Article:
Mahler’s Song of the Earth Moves Audiences in Ways Worldly and Celestial

10/04/2018

Mahler, Das Lied von der Erde: Russell Thomas (tenor), Tamara Mumford (mezzo-soprano), Los Angeles Philharmonic / Gustavo Dudamel (conductor), TEATROCINEMA / Yuval Sharon & Juan Carlos Zagal (co-directors), Walt Disney Concert Hall, Los Angeles, 6.4.2018. (DD)

LA Philharmonic’s Das Lied von der Erde (c) Craig T. Mathew/Mathew Imaging

Gustav Mahler’s late masterpiece, Das Lied von der Erde (The Song of the Earth), poses some thorny questions – is it a symphony? song cycle? confession? psychoanalytical session? It traverses an incredibly complicated sound world replete with the highest and lowest of human states, intellectually and emotionally, and concludes about an hour later with a transcendently cathartic resolution. Like almost everything in Mahler, the essential question asked in the text, near the end of the work, is: ‘Where am I going?’ It’s a question that lingers in the mind of the auditor as the horn call begins the process, and the rest of the players eventually wend their way to the ultimate conclusion. It lingers well beyond the concert’s conclusion.

The auditory and imaginative journey is certainly a song cycle in its best sense. Many have also argued that Das Lied von der Erde is Mahler’s greatest composition. This performance was accompanied by a modern magic lantern show projected onto a kind of enchanted mirror above and behind the orchestra. The singers were sometimes surrounded with phantasmal objects as they entered this surreal and dreamy otherworld, all thanks to the machinations of TEATROCINEMA of Chile. (I was personally taken by a projection of a boat made of musical instruments – composed of musical instruments? – with Mahler’s carved head keeping watch on the prow.)

Some of the arguments made in the program for the addition of the visuals were well-intentioned and reasonable; but at times these felt a little heavy-handed, perhaps even unnecessary. I was never offended nor strongly put off by the occasionally cartoonish graphics, but they oftentimes simply didn’t jibe with my imaginative interpretation. They generally lacked gravitas. In their apologia, the creators, Yuval Sharon and Juan Carlos Zagal, express a sound rationale for the additions, and I was certainly willing to suspend judgment, but in the end the arguments seemed somewhat forced and the inclusion of visuals more distracting than illuminating.

As for the performance, it was what audiences have come to expect from the LA Philharmonic. The opening song, ‘Das Trinklied vom Jammer der Erde’ (‘The Drinking Song of Earthly Woe’), with its abundance of flutter-tongued effects, hemiolas and an unexpected modal section, somehow lifted the earthly woe. Russell Thomas sang with robust presence, and the last phrase, a delicate pianissimo, was a telling indication of the singer’s enormous dramatic range.

The second movement, ‘Der Einsame im Herbst’ (‘The Solitary One in Autumn’), featured mezzo-soprano Tamara Mumford. The music begins softly and moves towards its climactic moment with a degree of portentousness; throughout its musical narrative, the continuous movement of the accompaniment stayed its course and grounded the anguish. There is great range, tone and elasticity in Mumford’s voice (those who heard her in the Metropolitan Opera’s broadcast of Katija Saariaho’s L’Amour de Loin will unquestionably agree), and her performance here was refined, dramatic and heartbreaking without being overwrought.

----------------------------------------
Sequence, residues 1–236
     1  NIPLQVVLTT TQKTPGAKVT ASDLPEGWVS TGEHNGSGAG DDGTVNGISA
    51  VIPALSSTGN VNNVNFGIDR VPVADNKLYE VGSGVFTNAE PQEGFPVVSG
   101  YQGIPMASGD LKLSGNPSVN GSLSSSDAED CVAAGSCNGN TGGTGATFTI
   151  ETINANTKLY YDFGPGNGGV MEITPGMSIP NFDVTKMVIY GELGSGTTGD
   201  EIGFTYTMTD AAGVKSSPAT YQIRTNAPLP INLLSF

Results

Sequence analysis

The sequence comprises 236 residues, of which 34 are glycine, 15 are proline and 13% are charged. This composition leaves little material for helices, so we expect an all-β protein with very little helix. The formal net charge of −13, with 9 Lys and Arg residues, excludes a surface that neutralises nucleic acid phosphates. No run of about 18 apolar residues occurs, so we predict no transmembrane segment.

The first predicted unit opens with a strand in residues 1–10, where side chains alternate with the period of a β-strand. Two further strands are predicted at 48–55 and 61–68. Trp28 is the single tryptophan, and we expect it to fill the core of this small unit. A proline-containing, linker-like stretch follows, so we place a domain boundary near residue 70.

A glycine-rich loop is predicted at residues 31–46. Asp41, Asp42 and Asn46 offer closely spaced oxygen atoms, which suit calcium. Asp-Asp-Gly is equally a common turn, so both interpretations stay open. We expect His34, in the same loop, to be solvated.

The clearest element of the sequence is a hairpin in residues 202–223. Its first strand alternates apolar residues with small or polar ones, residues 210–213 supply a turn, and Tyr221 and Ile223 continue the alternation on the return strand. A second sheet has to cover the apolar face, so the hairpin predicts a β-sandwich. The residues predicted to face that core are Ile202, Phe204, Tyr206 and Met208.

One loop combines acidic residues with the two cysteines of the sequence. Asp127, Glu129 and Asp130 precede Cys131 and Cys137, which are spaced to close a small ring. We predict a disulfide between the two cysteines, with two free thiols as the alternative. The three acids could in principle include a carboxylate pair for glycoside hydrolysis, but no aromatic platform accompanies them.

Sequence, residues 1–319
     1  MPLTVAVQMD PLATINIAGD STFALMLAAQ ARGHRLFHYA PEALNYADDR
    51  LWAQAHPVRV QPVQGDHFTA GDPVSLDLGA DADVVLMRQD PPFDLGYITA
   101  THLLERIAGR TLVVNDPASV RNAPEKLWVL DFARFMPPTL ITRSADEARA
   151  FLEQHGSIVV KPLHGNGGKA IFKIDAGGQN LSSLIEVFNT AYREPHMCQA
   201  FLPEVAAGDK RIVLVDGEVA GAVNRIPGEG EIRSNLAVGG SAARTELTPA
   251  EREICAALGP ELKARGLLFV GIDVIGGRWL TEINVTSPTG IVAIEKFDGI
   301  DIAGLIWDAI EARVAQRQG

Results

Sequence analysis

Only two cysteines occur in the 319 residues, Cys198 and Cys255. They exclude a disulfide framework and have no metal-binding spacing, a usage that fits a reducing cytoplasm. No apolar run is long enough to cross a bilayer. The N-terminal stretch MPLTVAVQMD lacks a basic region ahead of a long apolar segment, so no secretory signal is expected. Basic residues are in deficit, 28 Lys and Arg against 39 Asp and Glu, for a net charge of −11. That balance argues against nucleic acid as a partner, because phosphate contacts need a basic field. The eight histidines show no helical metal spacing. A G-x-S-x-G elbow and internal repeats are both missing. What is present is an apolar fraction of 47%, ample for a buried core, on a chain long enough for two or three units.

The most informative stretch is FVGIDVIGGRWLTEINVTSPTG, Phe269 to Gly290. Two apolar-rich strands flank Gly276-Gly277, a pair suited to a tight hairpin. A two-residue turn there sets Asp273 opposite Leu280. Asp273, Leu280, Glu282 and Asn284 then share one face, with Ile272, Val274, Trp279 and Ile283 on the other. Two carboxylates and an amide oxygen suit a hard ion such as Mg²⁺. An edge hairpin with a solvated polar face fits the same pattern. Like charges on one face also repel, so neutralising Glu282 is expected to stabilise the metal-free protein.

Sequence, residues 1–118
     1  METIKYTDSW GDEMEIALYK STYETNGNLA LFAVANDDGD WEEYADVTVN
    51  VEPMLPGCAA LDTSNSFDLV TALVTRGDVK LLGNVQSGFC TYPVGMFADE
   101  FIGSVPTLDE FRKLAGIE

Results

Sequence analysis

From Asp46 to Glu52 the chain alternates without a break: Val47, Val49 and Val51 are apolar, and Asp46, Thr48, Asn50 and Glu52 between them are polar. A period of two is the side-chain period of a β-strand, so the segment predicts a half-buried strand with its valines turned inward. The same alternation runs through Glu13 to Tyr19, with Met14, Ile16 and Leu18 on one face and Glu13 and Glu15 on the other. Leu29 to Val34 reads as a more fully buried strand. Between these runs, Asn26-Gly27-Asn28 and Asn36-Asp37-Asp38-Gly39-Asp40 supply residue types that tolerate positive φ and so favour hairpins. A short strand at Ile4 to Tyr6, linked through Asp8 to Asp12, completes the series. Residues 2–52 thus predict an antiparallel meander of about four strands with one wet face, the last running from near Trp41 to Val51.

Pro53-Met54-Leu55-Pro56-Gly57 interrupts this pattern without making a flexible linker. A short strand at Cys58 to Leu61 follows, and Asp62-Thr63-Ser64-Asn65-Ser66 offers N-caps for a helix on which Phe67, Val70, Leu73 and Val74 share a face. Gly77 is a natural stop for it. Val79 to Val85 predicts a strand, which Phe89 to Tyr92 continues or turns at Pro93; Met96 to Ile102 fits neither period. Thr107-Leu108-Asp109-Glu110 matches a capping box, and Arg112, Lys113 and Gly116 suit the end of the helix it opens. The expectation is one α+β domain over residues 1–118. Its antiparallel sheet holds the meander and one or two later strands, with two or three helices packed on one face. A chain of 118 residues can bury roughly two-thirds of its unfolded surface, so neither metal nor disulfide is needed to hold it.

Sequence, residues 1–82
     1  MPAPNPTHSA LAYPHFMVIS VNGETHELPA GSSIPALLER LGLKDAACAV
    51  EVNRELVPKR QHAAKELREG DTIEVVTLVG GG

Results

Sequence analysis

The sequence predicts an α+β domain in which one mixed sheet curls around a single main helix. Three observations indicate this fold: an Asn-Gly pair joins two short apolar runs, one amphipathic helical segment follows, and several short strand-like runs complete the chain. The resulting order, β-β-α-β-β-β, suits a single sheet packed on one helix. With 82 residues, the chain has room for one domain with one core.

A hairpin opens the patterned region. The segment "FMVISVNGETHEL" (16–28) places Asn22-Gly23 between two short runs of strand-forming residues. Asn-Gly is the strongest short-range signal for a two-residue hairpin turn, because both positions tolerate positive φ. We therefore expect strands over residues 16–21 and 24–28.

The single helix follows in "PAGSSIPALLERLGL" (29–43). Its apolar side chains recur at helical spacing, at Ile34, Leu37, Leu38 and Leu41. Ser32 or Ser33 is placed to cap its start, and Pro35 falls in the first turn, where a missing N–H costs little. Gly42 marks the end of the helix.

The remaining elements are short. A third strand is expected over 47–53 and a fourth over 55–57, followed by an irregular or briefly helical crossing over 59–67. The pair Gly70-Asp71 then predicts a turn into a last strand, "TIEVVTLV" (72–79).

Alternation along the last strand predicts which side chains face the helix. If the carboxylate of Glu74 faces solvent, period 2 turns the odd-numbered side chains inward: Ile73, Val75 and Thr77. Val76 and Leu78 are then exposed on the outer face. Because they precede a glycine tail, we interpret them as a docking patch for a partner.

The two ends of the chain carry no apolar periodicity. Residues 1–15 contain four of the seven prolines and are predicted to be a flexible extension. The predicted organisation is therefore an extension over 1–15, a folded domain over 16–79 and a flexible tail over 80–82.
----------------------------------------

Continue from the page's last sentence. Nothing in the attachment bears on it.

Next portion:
Indeed, the soloists complemented one another in all ways wise and wonderful, but this composition ultimately rests and relies on the last movement, ‘Der Abschied’ (‘The Farewell’), which in itself runs just shy of the total time of the first five movements. The great, profoundly serious opening – the rumbling bass octaves with an ornamented line in the oboe and a harmonic afterthought from the horns – remains one of music’s most dramatic and perfect moments. And we were only getting started. The performance by mezzo Mumford was offered without fuss and was not overly dramatic – the text and the music take care of those demands – but was moving in ways both great and small. She is a singer to follow with curiosity, respect and admiration.

The LA Philharmonic was in fine fettle, and Maestro Dudamel’s interpretation was focused and well calibrated. He is as good on the stand and in the pit as anyone I’ve heard, and that number is more than I’d care to divulge. Special praise is due to Concertmaster Martin Chalifour and his entire section, flutist Denis Bouriakov, oboist Marion Arthur Kuszyk and bassoonist David Howard. Andrew Bain led a small contingent of horn players who are known for their accuracy and beautiful sound, and principal trumpet Thomas Hooten acquitted himself with technical perfection and artistic taste.

Words are inadequate, and mere wordy descriptions pale in light of compositions like this. It is, after all, the song of the earth.

Douglas Dutton

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